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 RALEIGH, N.C., Aug. 3 /PRNewswire/ -- Secretary of State Rufus L. Edmisten today headed off a Florida-based company trying to sell securities improperly in North Carolina.
 Edmisten, the top investment regulator in North Carolina, issued a cease-and-desist order against Premier Financial Services, its officers and its representatives in the state.
 Claiming to have a presence in 26 different states, Premier's North Carolina operations were concentrated in the Interstate-40 corridor from Greensboro to Hickory.
 "We have received support for this action from the Securities and Exchange Commission," Secretary Edmisten said. "The SEC has its own investigation going, and has gone so far as to seize Premier's assets in its home state of Florida."
 "Along with our cease-and-desist order, the SEC's action should signal the end of Premier's improper activities," Edmisten said. "The bad news for investors who have already been hooked is that I doubt they will see their money again."
 Edmisten issued the order against: Premier Financial Services of Ponte Vedra Beach, Fla.; Premier Benefit Capital Trust of Tampa, Fla.; Bobbie Johnson and Susan W. Laxton of Hickory; and Victor S. Konecny of Greensboro.
 Premier's representatives, often insurance brokers by trade, were offering investment opportunities touted as "commercial paper" or "common law contracts." "Commercial paper" must be high-grade offerings to be exempt from registration requirements, but Premier's offerings failed to meet the criteria set out in North Carolina law, said Secretary Edmisten.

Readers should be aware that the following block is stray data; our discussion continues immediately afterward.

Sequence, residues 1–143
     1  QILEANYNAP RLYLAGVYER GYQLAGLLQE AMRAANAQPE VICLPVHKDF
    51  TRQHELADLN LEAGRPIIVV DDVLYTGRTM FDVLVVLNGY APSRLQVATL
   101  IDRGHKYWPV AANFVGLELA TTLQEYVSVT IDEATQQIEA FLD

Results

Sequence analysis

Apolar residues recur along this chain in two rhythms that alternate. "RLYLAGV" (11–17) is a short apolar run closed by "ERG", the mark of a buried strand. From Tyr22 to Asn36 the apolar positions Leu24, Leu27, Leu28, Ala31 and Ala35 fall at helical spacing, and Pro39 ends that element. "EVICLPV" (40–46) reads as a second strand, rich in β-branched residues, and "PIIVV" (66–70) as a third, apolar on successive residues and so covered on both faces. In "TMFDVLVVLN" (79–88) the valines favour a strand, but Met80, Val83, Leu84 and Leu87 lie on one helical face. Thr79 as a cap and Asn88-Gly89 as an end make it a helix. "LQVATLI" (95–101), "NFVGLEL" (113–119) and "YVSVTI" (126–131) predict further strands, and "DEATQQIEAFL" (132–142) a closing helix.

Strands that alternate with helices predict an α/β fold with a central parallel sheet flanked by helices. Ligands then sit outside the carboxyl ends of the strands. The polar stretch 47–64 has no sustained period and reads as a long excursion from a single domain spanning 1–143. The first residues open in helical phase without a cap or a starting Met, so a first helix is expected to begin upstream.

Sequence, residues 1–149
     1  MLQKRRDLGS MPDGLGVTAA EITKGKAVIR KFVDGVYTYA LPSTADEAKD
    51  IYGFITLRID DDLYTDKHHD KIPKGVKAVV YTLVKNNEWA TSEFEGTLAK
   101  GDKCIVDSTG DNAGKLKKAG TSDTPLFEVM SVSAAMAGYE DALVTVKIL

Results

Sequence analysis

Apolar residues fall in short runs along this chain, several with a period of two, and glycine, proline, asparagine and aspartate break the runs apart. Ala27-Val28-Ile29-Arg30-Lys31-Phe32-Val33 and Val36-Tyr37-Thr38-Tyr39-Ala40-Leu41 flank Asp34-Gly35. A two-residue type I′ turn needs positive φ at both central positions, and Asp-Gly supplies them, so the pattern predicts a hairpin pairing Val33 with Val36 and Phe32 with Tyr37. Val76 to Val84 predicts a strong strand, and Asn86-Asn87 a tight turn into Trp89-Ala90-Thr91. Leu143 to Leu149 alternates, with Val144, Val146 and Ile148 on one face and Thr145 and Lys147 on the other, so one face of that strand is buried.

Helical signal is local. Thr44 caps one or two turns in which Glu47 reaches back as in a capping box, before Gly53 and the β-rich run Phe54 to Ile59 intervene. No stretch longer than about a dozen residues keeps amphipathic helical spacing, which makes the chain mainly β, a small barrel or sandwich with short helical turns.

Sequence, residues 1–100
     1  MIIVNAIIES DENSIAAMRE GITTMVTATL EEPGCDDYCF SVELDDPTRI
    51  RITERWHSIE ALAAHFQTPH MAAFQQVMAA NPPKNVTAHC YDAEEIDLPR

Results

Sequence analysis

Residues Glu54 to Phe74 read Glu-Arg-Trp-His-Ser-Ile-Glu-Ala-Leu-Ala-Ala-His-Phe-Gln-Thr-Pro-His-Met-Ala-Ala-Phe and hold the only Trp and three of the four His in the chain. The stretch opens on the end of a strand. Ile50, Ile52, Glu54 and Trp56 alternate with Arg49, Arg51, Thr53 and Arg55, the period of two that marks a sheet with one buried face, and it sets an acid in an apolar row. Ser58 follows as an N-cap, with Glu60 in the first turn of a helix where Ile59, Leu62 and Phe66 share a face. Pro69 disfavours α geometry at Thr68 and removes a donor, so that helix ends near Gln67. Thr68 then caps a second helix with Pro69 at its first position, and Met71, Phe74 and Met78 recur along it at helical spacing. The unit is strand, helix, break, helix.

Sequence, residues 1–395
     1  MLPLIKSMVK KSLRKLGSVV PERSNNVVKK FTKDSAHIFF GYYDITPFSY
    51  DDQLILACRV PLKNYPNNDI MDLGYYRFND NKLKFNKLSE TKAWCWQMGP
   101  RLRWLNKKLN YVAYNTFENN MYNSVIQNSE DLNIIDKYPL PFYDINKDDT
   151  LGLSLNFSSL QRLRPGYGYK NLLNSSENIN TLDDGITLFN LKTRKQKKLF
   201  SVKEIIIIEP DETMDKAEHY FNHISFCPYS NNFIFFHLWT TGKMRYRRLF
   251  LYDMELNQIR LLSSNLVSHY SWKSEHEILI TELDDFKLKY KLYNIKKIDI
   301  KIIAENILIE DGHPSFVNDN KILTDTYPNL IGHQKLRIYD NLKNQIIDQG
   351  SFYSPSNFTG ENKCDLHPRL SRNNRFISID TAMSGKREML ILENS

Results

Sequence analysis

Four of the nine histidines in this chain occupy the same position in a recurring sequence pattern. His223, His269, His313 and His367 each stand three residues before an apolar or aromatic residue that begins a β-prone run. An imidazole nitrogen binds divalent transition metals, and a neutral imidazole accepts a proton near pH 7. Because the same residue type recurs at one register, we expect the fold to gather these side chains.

"Premier failed to adequately alert people to the risks involved in the investment," Edmisten said. "For that matter, Premier deceived potential customers by not warning them that the company was the subject of a SEC investigation."
 Secretary Edmisten encouraged any investor who bought an offering from Premier to contact the Securities and Commodities Division at (919)733-3924. "That will help our investigators learn about the extent of Premier's operations in North Carolina," he said.
 Premier had only been doing business a few months in North Carolina, so the number of North Carolinians affected may not be that high, Edmisten said.
 "Our investigation began as we received the first inquiry from an alert broker," Edmisten said. "The broker was suspicious about Premier's offers because they sounded too good to be true."
 "Unfortunately, it is one of the truisms of the investment industry that a deal that sounds too good to be true often isn't any good at all," Edmisten said.
 -0- 8/3/93
 /CONTACT: Elliott Warnock of the N.C. Department of the Secretary of State, 919-733-5150/

CO: N.C. Department of the Secretary of State; Premier Financial
 Services ST: North Carolina, Florida IN: FIN SU:

CM -- CH004 -- 8856 08/03/93 11:19 EDT
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Publication:PR Newswire
Date:Aug 3, 1993

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